For the past two months, a very social peacock named Nicolai has been popping up in Summerland backyards, sometimes visiting for the day or staying longer.
Since early May, residents have been posting pictures of the bird lounging or showing its full plume asking, “Does anyone know who this peacock belongs to?”
Many responded that they also had a visit from Nicolai but no one claimed him as their own.
Critteraid animal rescue sanctuary in Summerland also received many phone calls and emails about the wandering bird.
“At that time we were unsure as to whether we could take him in due to having our own birds to consider (ducks and chickens),” said Critteraid director Caroline Ryan.
Critteraid was then called by Penticton Animal Control to see if they could help take in Nicolai.
“We reached out to Warren Peace Bunny Sanctuary in Lake Country to see if they had room for him but Annie, the owner, said we should try him at our sanctuary. They already had a male peacock and didn’t want them fighting.”
Annie told them how to care for a peacock.
“She also said we would not regret taking him in, so the decision was made,” said Ryan.
Critteraid’s president had set up a ‘peacock watch’ to rescue the peacock and bring him to the sanctuary. He was hanging out in Trout Creek. Three volunteers got the call where he was, and they successfully rescued Nicolai.
“He sat in the back of an SUV on a volunteer’s lap without a care in the world - not stressed at all, just looking out the window. We all fell in love immediately and spent the next two weeks in total awe of him,” said Ryan.
“He seems to like the pigs the best and hangs out in their pens with them.”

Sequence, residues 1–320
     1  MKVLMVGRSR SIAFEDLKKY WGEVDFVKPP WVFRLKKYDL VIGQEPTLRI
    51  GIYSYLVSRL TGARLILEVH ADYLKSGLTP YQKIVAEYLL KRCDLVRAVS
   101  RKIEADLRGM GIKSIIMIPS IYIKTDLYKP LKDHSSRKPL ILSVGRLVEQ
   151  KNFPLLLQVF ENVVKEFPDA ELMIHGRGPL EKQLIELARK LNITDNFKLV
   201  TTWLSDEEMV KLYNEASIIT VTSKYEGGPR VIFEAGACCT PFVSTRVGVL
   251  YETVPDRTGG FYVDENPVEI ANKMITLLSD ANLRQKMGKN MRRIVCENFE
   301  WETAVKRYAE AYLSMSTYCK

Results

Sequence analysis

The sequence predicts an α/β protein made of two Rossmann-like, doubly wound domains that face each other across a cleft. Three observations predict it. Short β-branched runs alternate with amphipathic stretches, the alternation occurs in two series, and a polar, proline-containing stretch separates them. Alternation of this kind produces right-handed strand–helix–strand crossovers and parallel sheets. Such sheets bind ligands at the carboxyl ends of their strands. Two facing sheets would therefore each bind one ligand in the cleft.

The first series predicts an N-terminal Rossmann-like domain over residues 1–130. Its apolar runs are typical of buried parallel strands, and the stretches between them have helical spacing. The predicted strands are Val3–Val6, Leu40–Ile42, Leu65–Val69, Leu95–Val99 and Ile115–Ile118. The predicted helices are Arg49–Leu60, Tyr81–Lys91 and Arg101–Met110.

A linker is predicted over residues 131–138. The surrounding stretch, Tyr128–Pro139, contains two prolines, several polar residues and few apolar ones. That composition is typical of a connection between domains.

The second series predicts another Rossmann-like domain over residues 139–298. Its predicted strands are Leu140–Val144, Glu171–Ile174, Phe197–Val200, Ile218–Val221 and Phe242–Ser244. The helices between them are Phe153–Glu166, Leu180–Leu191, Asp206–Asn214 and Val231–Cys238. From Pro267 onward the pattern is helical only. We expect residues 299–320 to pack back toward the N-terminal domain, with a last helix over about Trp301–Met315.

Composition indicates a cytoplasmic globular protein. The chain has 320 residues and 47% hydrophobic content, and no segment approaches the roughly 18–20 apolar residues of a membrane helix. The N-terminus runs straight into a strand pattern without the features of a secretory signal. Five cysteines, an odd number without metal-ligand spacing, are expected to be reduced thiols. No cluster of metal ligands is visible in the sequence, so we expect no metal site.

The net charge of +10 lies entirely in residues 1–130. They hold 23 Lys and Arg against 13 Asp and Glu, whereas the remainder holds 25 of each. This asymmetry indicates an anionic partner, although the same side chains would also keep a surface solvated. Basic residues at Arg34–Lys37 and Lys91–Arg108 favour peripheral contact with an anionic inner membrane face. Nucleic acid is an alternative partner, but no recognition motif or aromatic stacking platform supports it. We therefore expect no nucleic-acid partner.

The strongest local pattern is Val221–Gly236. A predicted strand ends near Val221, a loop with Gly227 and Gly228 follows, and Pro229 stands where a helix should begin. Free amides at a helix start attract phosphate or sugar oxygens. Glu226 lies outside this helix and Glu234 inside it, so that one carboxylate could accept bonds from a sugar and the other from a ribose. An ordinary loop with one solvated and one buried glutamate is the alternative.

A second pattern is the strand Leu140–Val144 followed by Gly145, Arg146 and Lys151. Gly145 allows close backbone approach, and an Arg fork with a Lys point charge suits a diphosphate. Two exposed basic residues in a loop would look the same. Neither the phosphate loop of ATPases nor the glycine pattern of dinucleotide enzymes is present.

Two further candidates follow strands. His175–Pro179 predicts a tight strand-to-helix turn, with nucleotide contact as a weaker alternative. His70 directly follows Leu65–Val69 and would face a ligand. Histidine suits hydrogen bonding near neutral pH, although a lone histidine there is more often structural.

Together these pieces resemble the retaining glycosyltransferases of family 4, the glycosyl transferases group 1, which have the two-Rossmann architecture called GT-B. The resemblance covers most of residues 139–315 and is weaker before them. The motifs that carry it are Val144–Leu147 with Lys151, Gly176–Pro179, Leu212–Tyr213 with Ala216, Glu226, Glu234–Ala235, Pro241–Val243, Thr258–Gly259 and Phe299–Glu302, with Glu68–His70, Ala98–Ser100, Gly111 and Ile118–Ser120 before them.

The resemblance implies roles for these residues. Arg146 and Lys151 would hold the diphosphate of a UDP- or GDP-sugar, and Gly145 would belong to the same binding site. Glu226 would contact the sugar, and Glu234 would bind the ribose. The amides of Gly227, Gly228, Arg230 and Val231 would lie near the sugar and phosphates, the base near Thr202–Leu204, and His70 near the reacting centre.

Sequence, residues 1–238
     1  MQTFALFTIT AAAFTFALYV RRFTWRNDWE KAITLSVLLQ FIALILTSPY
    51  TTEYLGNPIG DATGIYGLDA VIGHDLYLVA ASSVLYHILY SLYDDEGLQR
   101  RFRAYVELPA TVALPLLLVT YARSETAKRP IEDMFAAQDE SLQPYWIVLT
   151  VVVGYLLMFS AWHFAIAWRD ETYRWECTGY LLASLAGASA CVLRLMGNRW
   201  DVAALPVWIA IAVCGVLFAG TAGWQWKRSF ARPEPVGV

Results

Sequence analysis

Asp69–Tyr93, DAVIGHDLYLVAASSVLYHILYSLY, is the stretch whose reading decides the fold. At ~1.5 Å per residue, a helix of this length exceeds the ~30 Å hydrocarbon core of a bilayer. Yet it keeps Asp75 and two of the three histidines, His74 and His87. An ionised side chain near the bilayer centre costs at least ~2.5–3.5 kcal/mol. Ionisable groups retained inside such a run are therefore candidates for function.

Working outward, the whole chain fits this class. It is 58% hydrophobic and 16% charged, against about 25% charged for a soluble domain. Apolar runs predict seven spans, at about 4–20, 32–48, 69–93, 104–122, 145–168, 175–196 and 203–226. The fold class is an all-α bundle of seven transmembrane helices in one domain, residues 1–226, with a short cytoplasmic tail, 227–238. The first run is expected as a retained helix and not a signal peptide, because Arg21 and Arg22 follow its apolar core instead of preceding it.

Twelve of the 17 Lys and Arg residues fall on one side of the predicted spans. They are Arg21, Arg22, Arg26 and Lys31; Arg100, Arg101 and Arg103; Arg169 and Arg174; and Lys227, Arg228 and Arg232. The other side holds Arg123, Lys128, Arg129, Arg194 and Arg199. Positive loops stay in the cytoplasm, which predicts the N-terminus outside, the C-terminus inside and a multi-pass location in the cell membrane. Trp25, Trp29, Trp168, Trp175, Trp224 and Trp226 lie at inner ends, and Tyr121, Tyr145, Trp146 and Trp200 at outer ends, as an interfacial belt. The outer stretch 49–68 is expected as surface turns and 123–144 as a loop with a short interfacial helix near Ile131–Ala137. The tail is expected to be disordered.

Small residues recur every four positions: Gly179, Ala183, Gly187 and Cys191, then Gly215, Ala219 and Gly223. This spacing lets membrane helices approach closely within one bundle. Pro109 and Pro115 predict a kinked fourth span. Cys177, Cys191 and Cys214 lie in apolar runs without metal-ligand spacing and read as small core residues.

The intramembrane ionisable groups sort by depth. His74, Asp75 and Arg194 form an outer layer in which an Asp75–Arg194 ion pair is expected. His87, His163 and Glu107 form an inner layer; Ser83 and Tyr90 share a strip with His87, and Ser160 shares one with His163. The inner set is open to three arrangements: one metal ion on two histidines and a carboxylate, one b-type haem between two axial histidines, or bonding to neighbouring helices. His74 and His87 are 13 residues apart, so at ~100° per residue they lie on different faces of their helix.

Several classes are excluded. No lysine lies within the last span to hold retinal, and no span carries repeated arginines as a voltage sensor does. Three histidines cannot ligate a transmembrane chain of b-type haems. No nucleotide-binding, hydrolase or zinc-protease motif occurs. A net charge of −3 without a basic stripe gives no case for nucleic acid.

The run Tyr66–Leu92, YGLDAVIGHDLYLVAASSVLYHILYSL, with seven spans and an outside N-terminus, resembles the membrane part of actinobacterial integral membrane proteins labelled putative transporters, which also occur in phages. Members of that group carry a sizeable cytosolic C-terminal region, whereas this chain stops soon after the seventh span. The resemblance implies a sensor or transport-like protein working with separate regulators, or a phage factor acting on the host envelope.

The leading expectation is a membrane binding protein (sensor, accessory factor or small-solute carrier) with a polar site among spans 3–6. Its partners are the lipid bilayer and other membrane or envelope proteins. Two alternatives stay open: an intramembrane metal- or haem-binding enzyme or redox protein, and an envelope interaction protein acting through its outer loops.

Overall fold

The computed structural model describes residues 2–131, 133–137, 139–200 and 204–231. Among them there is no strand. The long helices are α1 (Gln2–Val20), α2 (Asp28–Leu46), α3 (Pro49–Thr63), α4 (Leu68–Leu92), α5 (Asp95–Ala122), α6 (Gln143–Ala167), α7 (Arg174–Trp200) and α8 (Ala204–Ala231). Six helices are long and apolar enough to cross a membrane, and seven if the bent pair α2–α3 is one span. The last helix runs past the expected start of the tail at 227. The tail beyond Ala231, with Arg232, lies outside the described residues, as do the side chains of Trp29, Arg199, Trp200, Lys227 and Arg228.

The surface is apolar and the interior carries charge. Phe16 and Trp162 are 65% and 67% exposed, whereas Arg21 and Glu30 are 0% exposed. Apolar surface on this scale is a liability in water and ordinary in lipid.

That was until Saturday morning, June 24, when he was nowhere to be found.
“We searched everywhere on the farm, but he was not with us. Amazing, how in such a short space of time, he has truly become part of our Critteraid family, and we were all very sad,” said Ryan.
Critteraid posted that their beloved escape artist Nicolai was on the lam somewhere and if Summerland residents could keep an eye out.
At Critteraid Nicolai is not caged and is free to roam where he wants.
“We want him to see the sanctuary as his home and would never clip his wings or cage him. He needs to be free but we are hoping with some time, he will see Critteraid as his family, and his home.”
By Monday morning the escape artist peacock was back at Critteraid on his own accord, in the pig pen where he likes to be without a care in the world.
“At 5 a.m. when our pasture crew started their chores, Nicolai was back,” said Ryan.
Critteraid has over 100 animals in their care from cats, dogs, horses, cows, goats, ducks, chickens, pigs, a llama, two alpacas and now, a peacock.
They are run by volunteers and rely completely on donations and purchases made through the Charity Shoppe in Summerland. To make a donation or find out more about their new animal sponsorship program go to their website at critteraid.org.
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